The Mpemba Effect is a counter-intuitive phenomenon whereby, under certain circumstances, warm water can freeze faster than cold water. Although this phenomenon was known for a long time by many philosophers and scientist, including Aristotle, Rene’ Descartes and Francis Bacon, it was brought to the attention of the scientific community by a Tanzanian schoolboy, Erasto Mpemba. In 1963, during a school project, he noticed that an ice-cream mixture, previously heated, froze more rapidly than one that was cold. He was so intrigued by this phenomenon that he continued experiments until, a few years later, he went on to work with a physics professor, Denis Osborne, and together they published a paper in the journal Physics Education in 1969.
A public competition announced by the Royal Society of Chemistry in 2012 to explain the Mpemba effect renewed the interest in this phenomenon.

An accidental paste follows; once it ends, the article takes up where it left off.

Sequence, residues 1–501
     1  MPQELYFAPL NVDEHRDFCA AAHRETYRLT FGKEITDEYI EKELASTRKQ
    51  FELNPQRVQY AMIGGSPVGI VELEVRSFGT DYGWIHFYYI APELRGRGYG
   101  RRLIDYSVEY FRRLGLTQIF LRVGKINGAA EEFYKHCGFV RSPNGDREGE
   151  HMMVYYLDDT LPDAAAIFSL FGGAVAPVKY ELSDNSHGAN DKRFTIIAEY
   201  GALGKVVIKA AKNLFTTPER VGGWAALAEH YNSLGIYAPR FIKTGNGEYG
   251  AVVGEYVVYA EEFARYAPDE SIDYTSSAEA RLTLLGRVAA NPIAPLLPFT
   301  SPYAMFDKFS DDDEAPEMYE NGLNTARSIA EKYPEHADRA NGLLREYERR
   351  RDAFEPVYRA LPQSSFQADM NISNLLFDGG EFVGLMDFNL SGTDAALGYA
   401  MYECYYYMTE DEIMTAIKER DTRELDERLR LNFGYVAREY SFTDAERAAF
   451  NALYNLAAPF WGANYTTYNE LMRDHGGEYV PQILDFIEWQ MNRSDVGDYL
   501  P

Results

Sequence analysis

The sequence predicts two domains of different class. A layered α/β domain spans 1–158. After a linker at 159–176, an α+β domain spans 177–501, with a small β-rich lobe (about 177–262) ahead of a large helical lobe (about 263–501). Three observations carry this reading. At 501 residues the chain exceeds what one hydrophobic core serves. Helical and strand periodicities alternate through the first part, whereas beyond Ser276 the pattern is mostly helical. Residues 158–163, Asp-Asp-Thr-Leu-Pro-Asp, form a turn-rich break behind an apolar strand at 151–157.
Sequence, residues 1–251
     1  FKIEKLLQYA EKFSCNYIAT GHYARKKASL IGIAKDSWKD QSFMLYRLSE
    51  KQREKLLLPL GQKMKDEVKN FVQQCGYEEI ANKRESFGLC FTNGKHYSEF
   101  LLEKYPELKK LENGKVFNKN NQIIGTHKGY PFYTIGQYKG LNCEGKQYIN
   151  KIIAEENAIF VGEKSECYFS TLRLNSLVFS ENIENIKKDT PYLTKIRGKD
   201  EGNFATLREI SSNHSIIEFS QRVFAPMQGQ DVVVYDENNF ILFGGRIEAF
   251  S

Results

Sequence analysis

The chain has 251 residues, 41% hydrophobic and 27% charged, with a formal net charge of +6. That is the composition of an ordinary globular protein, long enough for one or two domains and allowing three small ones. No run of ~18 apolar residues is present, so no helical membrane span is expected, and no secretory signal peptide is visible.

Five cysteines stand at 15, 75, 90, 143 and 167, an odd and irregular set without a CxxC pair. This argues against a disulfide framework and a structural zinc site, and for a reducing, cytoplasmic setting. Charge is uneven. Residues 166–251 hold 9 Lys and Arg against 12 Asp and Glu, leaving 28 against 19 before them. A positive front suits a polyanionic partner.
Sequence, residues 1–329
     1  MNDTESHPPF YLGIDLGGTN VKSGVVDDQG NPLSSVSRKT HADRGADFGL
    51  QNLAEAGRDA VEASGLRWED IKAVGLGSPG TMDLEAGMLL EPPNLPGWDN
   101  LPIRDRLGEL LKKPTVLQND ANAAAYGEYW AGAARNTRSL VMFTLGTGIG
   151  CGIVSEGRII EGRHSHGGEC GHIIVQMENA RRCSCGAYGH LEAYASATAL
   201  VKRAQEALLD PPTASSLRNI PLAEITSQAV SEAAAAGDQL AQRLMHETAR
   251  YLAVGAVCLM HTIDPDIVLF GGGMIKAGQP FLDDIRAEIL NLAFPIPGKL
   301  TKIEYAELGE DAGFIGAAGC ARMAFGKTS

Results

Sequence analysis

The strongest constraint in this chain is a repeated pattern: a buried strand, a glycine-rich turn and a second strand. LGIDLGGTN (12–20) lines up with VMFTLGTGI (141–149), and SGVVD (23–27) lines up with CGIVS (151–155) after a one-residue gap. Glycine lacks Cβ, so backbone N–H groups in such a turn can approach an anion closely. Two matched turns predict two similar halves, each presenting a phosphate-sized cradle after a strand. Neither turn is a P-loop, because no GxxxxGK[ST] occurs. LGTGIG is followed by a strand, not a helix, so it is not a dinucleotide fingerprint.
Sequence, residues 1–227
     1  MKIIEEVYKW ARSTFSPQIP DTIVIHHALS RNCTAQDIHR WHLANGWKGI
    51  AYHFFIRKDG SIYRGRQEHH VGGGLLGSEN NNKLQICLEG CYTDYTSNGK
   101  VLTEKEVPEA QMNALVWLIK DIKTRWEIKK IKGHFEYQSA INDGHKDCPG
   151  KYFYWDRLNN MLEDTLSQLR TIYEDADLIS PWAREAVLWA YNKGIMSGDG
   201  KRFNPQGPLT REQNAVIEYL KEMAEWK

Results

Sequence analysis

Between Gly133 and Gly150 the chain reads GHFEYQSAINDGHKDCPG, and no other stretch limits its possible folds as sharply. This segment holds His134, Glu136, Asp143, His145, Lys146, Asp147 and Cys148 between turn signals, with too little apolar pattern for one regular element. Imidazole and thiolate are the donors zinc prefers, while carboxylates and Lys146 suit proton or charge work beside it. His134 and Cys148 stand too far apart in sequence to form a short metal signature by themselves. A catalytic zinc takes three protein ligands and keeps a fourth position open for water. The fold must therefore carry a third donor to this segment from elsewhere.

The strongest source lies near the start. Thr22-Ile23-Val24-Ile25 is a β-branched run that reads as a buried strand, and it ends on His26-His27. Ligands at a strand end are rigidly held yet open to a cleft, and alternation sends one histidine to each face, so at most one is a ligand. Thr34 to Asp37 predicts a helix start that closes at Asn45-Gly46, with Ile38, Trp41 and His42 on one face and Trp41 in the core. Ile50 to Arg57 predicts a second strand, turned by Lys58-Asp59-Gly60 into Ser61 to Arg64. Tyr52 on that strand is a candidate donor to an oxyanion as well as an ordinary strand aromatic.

The above video provides a very clear overview of the various explanations that have been put forward. These include evaporation (the evaporation rate of warm water is higher and, consequently, there is a smaller amount of water to cool down), dissolved gases (the warm water contains less dissolved gas, which, apparently, hinders the ability of water to conduct heat), supercooling (the warm water contains more nucleation sites which makes it unlikely the need to get temperatures less than zero degrees Celsius for freezing), convection (the convection currents in the warm water are stronger and increase heat dissipation).
None of these explanations is entirely convincing. A recent study has even concluded that the Mpemba effect is just an experimental artifact due to measurements’ inaccuracies. On the other hand, another recent study has shown, by theory and simulation, that the Mpemba effect and its reverse (a cooler sample may heat faster than a hotter sample) may occur in uniform granular fluids composed of inelastic particles and an explaination can be given based on the kurtosis of particle velocity distribution function.
It’s surprising that something as apparently simple as the freezing of water is by contrast still poorly understood.